Under District of Columbia law, a prisoner convicted and sentenced in the Superior Court may file a motion in that court to vacate, set aside, or correct his sentence "upon the ground that (1) the sentence was imposed in violation of the Constitution of the United States or the laws of the District of Columbia, (2) the court was without jurisdiction to impose the sentence, (3) the sentence was in excess of the maximum authorized by law, [or] (4) the sentence is otherwise subject to collateral attack[.]" D.C. Code § 23-110(a). Although habeas relief in federal court is available to a District of Columbia Code offender who "is in custody in violation of the Constitution . . . of the United States," 28 U.S.C. § 2241(c)(3), his habeas petition "shall not be entertained by . . . any Federal . . . court if it appears that the [petitioner] has failed to make a motion for relief under [D.C. Code § 23-110] or that the Superior Court has denied him relief, unless it also appears that the remedy by motion is inadequate or ineffective to test the legality of his detention."*fn3 D.C. Code § 23-110(g); Byrd v. Henderson, 119 F.3d 34, 36-37 (D.C. Cir. 1997) (finding that "a District of Columbia prisoner has no recourse to a federal judicial forum unless the local remedy is inadequate or ineffective to test the legality of his detention").
"It is well-established that the mere denial of relief by the local courts does not render the local remedy inadequate or ineffective." Joyner v. O'Brien, No. 09-0913, 2010 WL 199781, at *2 (D.D.C. Jan. 15, 2010) (citations omitted); see Corley v. U.S. Parole Comm'n, No. 08-1342, 2009 WL 2606554, at *3 (D.D.C. Aug. 26, 2009) (citing Garris v. Lindsay, 794 F.2d 722, 727 (D.C. Cir. 1986)); see also Morton v. United States, No. 07-5253, 2008 WL 4726051, at *1 (D.C. Cir. June 12, 2008) (per curiam) (denying request for certificate of appealability on the ground that appellant "may not challenge his District of Columbia convictions in federal court unless his remedy under D.C. Code § 23-110 is inadequate or ineffective to test the legality of his detention . . ., and [t]he § 23-110 remedy . . . is not considered inadequate or ineffective simply because the requested relief has been denied"). Petitioner cannot avail himself of this forum merely because his prior attempts in the District of Columbia courts to vacate or set aside his conviction have been denied.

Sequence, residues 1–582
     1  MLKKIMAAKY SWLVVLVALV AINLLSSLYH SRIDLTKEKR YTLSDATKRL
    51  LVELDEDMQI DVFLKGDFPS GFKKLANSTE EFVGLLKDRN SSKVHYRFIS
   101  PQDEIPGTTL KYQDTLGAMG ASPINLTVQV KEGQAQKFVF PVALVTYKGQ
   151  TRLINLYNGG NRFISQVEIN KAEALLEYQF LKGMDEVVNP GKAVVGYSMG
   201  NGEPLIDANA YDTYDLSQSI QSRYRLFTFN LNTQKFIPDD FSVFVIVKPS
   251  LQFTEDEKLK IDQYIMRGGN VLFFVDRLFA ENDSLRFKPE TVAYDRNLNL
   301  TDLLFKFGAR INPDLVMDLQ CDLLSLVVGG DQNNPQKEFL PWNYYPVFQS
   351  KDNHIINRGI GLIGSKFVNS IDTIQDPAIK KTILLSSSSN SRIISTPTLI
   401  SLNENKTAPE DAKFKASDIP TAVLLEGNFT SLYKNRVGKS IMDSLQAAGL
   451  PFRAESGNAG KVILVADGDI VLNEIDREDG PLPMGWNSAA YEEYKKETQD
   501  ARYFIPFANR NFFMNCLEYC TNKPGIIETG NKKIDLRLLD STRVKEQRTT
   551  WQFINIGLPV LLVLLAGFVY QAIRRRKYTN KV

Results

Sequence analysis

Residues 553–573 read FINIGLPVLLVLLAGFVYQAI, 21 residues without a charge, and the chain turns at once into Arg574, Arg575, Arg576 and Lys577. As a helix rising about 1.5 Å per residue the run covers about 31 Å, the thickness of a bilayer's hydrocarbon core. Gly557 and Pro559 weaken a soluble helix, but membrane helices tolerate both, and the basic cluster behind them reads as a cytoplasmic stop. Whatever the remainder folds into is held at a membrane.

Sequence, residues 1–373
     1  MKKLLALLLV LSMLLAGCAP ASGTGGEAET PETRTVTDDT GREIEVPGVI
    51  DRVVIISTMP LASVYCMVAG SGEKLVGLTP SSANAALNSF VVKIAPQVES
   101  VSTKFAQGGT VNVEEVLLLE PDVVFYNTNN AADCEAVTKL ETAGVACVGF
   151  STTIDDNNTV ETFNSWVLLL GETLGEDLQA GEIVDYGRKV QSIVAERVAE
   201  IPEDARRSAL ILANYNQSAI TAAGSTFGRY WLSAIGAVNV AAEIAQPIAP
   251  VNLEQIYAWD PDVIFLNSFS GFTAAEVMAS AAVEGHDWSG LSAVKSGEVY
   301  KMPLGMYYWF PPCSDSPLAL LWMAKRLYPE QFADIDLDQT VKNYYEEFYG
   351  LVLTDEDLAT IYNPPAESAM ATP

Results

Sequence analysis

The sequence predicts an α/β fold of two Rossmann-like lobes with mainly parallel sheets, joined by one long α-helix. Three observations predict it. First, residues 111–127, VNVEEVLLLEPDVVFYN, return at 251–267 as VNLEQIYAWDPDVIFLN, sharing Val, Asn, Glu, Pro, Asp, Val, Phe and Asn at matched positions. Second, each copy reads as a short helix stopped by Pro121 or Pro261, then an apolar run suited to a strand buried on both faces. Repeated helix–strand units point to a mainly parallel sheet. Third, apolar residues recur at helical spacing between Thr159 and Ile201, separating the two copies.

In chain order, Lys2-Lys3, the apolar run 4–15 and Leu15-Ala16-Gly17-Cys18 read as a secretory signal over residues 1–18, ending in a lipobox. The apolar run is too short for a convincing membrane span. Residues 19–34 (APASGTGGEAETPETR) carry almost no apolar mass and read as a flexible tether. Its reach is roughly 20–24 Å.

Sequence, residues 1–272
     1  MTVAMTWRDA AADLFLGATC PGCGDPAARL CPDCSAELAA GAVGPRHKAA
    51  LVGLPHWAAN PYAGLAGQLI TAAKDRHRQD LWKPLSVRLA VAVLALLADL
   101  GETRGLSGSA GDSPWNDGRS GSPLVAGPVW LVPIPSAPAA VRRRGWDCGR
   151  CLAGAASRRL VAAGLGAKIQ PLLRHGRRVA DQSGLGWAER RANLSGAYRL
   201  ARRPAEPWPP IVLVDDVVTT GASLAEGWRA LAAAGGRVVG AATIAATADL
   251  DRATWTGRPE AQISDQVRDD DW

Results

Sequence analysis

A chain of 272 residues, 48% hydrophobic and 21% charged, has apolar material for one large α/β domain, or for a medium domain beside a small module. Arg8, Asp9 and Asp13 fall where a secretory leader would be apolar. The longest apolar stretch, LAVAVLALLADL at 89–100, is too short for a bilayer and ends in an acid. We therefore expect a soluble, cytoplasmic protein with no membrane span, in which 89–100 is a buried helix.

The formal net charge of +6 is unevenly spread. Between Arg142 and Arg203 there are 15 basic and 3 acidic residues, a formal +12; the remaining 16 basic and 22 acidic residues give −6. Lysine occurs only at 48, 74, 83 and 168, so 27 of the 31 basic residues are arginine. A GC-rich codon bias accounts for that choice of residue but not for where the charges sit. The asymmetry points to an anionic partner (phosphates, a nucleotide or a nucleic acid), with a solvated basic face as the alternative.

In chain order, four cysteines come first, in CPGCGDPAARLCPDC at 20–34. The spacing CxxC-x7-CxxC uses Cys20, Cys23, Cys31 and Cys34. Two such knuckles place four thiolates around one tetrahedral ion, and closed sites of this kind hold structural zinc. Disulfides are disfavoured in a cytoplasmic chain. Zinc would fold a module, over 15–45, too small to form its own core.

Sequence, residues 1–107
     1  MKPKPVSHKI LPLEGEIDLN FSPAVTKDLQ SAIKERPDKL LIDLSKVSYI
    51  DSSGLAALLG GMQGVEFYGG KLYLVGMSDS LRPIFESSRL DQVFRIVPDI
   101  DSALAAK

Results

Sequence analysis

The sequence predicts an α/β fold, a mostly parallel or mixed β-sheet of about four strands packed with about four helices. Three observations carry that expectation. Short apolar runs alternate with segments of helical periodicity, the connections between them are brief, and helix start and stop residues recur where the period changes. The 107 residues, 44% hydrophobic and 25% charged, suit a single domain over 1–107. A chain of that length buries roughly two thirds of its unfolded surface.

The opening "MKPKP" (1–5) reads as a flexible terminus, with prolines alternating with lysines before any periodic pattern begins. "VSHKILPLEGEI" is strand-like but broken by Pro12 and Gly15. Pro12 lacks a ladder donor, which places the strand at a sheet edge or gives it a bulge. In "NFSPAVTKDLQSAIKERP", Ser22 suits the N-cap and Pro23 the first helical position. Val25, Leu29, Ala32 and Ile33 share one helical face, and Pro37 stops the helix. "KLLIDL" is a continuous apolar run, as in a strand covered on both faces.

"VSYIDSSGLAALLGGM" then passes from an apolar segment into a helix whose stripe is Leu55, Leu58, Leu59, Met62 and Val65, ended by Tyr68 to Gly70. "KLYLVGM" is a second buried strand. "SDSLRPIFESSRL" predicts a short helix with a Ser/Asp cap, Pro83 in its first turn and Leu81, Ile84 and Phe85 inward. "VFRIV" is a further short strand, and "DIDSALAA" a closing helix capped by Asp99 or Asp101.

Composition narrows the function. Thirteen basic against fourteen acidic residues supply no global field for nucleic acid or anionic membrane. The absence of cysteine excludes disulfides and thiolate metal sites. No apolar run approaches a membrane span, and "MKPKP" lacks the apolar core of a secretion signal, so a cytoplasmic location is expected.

Although D.C. Code § 23-110 does not bar a District of Columbia Code offender from bringing in federal district court a claim of ineffective assistance of appellate counsel, Williams v. Martinez, 586 F.3d 995, 998-99 (D.C. Cir. 2009), cert. denied, 130 S.Ct. 2073 (2010), petitioner does not allege that he sought to recall the mandate with respect to the unfavorable ruling on his appeal of the denial of his second motion under D.C. Code § 23-110. Neither an unfavorable ruling nor an offender's failure to file a motion to recall the mandate renders his remedy in the District of Columbia Court of Appeals inadequate. See Collier v. United States, No. 99-5120, 1999 WL 1336229, at *1 (D.C. Cir. Dec. 15, 1999) (per curiam) (concluding that a petitioner's "[f]ailure to prevail in [the District of Columbia Court of Appeals] does not render his local remedies inadequate or ineffective"), cert. denied, 529 U.S. 1118 (2000); Johnson v. Stansberry, No. 10-0178, 2010 WL 358521, at *2 (D.D.C. Jan. 29, 2010) (denying habeas petition of a petitioner who "did not move to recall the mandate [and had] not exhausted his local remedies" ); Reyes v. Rios, 432 F. Supp. 2d 1, 4 (D.D.C. 2006) ("Even if petitioner has failed to file a motion to recall the mandate, the availability of such a course precludes the finding of inadequacy or ineffectiveness required to support his petition in this Court.") .
Petitioner therefore has not demonstrated that the remedies in the District of Columbia courts are inadequate or ineffective to test the legality of his conviction. Accordingly, his petition will be ...